Good news and not-so-good news on the long-running saga over internet gambling (background here): Antigua has been awarded $21 million annual "damages" as a result of the United States' restrictions on offshore provision of internet gambling and betting services.
That is far less than the $3.4 billion Antigua had asserted it is owed, but more than the United States had suggested was warranted ($500,000). On the other hand, the arbitrator gave Antigua permission to collect the damages by suspending their obligations to protect U.S. intellectual property. The $21 million worth of pirated software, movies, and music would go on annually unless and until the United States changes its laws, so we can expect some lobbying from Hollywood to have the restrictions on internet gambling lifted.
The report just came out, so I have yet to absorb it fully myself, but here it is.
An article today in the Wall Street Journal reports on Department of Justice investigations into alleged price-fixing by U.S. chocolate companies, following similar investigations by Canadian regulators into the Canadian divisions of the same companies.
The companies insist that higher commodity prices are behind any recent price increases in their products, with Cadbury's CEO expecting ingredients to cost between 5 and 6 percent more next year as a result of tight supplies (primarily because of drought in Australia, pushing up dairy prices) and increased demand, as the middle class — and consequently appetite for dairy, sugar and meat — grows in Asia and Latin America. The U.S. government's misguided promotion of biofuels, which diverts corn to ethanol production and puts upward pressure on all commodities prices as farmers divert land to growing corn, definitely doesn't help.
While prices for most commodities are at historic global highs, confectionary companies in the United States have often had to pay significantly higher prices because of government intervention in agricultural markets. Cato's Center for Trade Policy Studies has looked into dairy and sugar policies before, and finds that the costs to consumers and taxpayers of supporting sugar and dairy farmers through isolating the U.S. market is truly outrageous.
Of course, Congress has so far chosen to ignore the problems with dairy and sugar, proposing instead to maintain these programs (even increasing the support in the case of dairy) rather than bring relief to consumers (including candy manufacturers). You know something is wrong with U.S. agricultural policy when the European Union looks reformed in comparison: the EU announced that it is suspending its tariffs on some cereals crops [$].
Hillary Clinton's Christmas-weekend TV ad shows her sitting at her famous couch wrapping presents. They've all got tags — reading "Alternative Energy," "Middle Class Tax Breaks," "Universal Health Care," and "Universal Pre-K." (Also "Bring Troops Home," but she's already made clear that that box is empty.) I'd embed the video here, but you'd think it was a Club for Growth parody, so instead I'll link directly to her campaign website.
Hillary actually sees herself as Santa Claus, handing out presents to the voters. Except, as my colleague Justin Logan notes, instead of putting together the toys at the North Pole with her elves, she’ll just take our toys, wrap them up, and then give them back to us after taking her cut and then pretend that it’s a great act of beneficence.
I complained once about teenagers interviewed by Parade magazine who "seemed to regard the new president as a combination of Superman, Santa Claus, and Mother Teresa." But they were teenagers, not 60-year-old presidential candidates. Only one of the teens interviewed had an adult understanding of where government benefits come from. "I worked every day last summer,” he told Parade, "repairing and setting up cattle fences, from 8 a.m. to 5 p.m. in very hot weather. I got a good tan, but other than that it wasn’t worth it — just to have the government take a third of my money and have it go to someone I don’t even know who didn’t earn it in the first place. Do something about taxes.” He's old enough to vote now. If only he were old enough to run for president.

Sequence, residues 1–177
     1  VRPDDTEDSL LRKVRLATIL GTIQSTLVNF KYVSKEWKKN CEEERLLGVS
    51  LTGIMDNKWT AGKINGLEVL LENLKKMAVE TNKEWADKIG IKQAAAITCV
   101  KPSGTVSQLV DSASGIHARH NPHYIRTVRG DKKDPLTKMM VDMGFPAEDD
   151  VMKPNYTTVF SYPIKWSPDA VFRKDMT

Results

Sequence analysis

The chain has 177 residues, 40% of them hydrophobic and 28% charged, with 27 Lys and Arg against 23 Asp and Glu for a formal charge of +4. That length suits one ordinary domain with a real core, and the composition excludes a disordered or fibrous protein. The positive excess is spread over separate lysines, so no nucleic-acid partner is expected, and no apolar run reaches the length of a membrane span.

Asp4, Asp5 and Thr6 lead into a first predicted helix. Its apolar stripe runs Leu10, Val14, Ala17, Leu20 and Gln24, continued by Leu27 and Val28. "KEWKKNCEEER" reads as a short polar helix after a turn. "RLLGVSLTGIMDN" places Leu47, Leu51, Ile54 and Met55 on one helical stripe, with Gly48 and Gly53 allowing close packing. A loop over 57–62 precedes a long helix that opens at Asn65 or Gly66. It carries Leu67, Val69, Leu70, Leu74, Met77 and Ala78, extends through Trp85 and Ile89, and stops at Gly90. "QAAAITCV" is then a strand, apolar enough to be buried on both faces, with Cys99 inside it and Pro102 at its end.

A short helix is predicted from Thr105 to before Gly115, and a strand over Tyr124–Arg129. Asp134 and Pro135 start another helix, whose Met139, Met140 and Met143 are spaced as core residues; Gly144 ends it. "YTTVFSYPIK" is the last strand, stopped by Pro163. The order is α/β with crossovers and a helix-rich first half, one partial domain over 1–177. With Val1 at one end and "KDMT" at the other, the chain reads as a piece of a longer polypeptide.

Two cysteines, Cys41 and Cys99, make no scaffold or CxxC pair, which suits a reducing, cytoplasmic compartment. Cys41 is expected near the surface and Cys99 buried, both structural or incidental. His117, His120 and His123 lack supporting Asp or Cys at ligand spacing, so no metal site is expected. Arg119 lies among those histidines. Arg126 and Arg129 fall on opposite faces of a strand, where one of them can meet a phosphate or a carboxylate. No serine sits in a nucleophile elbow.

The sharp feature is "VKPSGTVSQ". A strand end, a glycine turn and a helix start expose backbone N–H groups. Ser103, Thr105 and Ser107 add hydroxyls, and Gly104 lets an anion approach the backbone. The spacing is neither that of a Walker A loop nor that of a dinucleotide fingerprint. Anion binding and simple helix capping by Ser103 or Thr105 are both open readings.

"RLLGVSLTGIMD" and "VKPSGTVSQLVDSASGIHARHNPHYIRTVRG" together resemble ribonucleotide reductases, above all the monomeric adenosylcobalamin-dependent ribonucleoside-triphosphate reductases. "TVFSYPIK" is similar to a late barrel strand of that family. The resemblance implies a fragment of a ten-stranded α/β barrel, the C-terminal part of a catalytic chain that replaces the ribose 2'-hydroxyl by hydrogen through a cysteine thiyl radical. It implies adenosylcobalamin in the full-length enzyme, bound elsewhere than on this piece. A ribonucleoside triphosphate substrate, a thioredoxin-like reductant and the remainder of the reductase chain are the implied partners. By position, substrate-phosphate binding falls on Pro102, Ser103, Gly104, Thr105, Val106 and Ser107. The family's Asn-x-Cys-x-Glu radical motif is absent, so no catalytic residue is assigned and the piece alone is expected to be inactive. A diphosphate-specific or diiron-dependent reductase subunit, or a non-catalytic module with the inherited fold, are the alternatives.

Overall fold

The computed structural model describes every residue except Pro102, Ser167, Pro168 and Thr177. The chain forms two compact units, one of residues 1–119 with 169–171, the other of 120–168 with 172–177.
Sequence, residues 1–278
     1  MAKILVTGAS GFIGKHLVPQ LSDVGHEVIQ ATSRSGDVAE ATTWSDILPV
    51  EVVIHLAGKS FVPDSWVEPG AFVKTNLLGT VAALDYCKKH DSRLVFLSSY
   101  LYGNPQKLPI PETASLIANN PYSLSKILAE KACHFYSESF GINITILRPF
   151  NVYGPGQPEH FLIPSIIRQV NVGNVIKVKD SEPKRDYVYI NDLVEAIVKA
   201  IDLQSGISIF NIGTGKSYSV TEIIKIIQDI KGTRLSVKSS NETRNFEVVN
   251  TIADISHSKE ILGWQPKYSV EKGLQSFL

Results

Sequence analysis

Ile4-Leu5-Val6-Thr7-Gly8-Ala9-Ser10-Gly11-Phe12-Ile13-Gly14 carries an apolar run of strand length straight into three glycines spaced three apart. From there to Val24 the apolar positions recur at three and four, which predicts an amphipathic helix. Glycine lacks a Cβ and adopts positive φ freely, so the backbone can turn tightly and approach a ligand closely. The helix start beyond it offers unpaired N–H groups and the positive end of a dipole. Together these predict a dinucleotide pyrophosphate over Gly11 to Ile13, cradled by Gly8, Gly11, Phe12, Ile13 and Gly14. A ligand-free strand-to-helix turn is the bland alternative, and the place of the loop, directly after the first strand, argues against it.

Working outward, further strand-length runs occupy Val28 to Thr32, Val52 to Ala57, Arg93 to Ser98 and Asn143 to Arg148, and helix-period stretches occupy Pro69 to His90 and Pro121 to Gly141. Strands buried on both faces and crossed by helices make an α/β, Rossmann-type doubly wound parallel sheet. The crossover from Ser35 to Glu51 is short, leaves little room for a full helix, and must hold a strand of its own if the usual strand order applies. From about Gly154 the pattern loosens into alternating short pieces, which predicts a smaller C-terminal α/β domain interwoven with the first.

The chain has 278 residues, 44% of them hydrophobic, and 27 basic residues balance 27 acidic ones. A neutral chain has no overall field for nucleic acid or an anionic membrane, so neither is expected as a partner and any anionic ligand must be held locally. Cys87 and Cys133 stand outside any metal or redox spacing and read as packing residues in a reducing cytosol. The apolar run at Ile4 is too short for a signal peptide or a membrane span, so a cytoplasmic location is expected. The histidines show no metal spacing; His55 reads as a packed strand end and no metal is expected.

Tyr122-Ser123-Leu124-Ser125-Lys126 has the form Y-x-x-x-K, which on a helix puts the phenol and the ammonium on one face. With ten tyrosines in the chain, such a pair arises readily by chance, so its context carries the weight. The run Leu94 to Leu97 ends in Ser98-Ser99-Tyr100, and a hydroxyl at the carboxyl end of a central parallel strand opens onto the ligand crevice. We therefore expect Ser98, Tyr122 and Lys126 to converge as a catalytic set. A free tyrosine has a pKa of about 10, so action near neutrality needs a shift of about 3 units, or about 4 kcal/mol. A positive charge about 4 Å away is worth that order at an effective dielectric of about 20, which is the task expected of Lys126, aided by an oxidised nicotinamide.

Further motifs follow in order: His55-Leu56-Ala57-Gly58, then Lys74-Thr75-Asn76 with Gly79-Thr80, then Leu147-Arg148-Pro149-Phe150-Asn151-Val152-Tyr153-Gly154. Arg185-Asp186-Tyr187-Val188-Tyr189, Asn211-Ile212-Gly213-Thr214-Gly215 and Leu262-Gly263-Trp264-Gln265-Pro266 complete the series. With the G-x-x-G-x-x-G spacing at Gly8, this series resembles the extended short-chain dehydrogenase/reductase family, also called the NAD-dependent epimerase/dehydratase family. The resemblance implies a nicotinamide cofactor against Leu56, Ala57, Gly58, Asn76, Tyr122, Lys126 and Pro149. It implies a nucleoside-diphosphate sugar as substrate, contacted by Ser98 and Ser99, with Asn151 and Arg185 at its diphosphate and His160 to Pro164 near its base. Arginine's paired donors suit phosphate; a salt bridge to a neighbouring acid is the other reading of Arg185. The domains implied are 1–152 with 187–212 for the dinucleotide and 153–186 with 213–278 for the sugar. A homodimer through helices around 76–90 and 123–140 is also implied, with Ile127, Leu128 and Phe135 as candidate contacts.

I read in Robert Novak's column this morning that Mike Huckabee held a fundraiser earlier this week at the Houston home of Dr. Steven Hotze. As Novak notes, Hotze is "a leader in the highly conservative Christian Reconstruction movement."
Christian Reconstructionists, for those unfamiliar with the term, are Religious Right radicals who believe that America, and the rest of the world besides, should be governed in accordance with strict Biblical law. And yes, that includes stoning adulterers. Here's a snippet from "A Manifesto for the Christian Church," a 1986 document from an outfit called the Coalition on Revival that was signed by, among others, Steven Hotze:
We affirm that the Bible is not only God's statements to us regarding religion, salvation, eternity, and righteousness, but also the final measurement and depository of certain fundamental facts of reality and basic principles that God wants all mankind to know in the sphere of law, government, economics, business, education, arts and communication, medicine, psychology, and science. All theories and practices of these spheres of life are only true, right, and realistic to the degree that they agree with the Bible.
For more, check out this audio clip of Hotze from back in 1990. Over the years, Hotze has achieved some prominence for his anti-abortion and anti-gay activism. Also, the good doctor appears to be a total quack.
Meanwhile, Novak reports that among the members of the fundraiser's host committee was Baptist minister Rick Scarborough. The founder of Vision America and a self-described "Christocrat," Scarborough made news earlier this year when he argued that the HPV vaccine improperly interferes with God's punishment of sexual license.
Just when you thought the Huckabee campaign couldn't get any creepier....